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Inclement weather and large truck accidents

On Behalf of | May 16, 2024 | Motor Vehicle Accidents |

Bad weather conditions can significantly increase the risk of accidents involving large trucks on the road. Sadly, these accidents lead to many injuries and deaths each year.

Understanding how adverse weather affects these vehicles and their drivers is key for promoting road safety for all motorists.

Rain, snow and ice

Large trucks, such as tractor-trailers and semi-trucks, present unique challenges when navigating through adverse weather conditions. Their size, weight and limited maneuverability make them more susceptible to the effects of bad weather. For example, rain, snow, ice, fog and high winds. These weather conditions can reduce visibility, decrease traction and create hazardous road conditions that increase the likelihood of accidents involving large trucks.

Rain and wet road surfaces can lead to slippery conditions, causing large trucks to lose traction and experience longer stopping distances. Hydroplaning, where a thin layer of water separates the tires from the road surface, can result in loss of control and skidding. The Federal Motor Carrier Safety Administration says that 12,000 injury accidents involved large trucks during 2020. In snowy and icy conditions, large trucks may struggle to maintain stability and control, increasing the risk of jackknifing or sliding off the road.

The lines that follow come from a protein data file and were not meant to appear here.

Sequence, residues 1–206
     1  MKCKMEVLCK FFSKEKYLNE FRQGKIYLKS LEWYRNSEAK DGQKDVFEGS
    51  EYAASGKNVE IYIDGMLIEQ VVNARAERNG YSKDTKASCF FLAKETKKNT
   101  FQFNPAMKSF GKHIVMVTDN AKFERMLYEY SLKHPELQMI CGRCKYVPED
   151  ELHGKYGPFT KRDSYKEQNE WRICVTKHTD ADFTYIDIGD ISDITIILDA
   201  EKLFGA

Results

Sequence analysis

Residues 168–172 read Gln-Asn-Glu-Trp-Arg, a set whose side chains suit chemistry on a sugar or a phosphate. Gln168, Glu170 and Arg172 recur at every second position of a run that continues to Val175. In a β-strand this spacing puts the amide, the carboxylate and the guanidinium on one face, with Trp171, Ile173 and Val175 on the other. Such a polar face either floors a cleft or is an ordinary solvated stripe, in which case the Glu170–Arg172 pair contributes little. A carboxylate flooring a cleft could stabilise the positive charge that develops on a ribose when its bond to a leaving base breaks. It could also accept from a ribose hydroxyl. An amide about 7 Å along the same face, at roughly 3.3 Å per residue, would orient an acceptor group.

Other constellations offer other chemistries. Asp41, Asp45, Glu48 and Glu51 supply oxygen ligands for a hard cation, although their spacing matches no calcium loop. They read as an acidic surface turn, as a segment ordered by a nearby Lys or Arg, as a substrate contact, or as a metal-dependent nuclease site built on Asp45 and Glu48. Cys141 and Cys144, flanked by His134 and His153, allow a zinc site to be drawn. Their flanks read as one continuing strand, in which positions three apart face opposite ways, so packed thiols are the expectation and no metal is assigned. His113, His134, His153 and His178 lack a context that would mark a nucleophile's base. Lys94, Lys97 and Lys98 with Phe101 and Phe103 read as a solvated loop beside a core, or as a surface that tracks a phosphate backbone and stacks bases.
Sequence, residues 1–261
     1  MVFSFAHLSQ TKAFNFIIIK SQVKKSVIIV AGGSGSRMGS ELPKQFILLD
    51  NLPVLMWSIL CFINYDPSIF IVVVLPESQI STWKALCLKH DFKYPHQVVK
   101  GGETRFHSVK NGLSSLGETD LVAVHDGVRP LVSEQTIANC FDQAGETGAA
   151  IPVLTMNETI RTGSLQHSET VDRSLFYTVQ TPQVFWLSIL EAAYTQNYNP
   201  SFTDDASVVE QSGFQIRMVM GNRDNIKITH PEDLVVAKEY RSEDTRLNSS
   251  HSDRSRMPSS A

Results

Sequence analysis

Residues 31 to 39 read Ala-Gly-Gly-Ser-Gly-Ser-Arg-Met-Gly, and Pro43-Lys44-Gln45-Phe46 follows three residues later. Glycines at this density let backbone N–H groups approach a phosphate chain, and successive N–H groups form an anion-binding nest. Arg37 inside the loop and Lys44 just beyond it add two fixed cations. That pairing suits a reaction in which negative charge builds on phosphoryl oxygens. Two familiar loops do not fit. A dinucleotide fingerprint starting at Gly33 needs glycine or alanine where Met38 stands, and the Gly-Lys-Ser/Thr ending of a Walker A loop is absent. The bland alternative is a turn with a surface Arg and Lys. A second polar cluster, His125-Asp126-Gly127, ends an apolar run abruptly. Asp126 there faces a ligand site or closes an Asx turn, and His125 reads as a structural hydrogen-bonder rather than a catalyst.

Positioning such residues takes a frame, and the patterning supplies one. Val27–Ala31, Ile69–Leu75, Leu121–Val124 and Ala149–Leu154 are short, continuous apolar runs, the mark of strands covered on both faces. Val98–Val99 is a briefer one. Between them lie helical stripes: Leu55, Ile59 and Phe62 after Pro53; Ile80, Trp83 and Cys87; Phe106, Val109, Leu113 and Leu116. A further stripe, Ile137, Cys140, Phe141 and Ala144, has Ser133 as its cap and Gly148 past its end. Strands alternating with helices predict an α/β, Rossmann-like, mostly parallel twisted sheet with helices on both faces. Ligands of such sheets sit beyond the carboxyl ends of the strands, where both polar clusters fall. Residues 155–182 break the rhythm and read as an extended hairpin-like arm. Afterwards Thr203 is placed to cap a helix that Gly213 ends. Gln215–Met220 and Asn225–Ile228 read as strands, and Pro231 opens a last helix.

Fog and wind

Fog presents another significant challenge for large truck drivers. Reduced visibility can make it difficult to see other vehicles, road signs and obstacles on the road. This increases the likelihood of rear-end collisions and other accidents due to limited reaction time and space. High winds can also impact the stability of large trucks, especially when crossing bridges or exposed areas, leading to rollovers or lane drifts.

To mitigate the risks associated with bad weather conditions, it is necessary for large truck drivers to adapt their driving behavior and practices accordingly. This includes reducing speed, increasing following distance, using headlights and hazard lights for visibility and avoiding sudden maneuvers or aggressive driving. By understanding the risks associated with adverse weather and taking proactive measures to address them, both truck drivers and other road users can reduce accidents involving large trucks.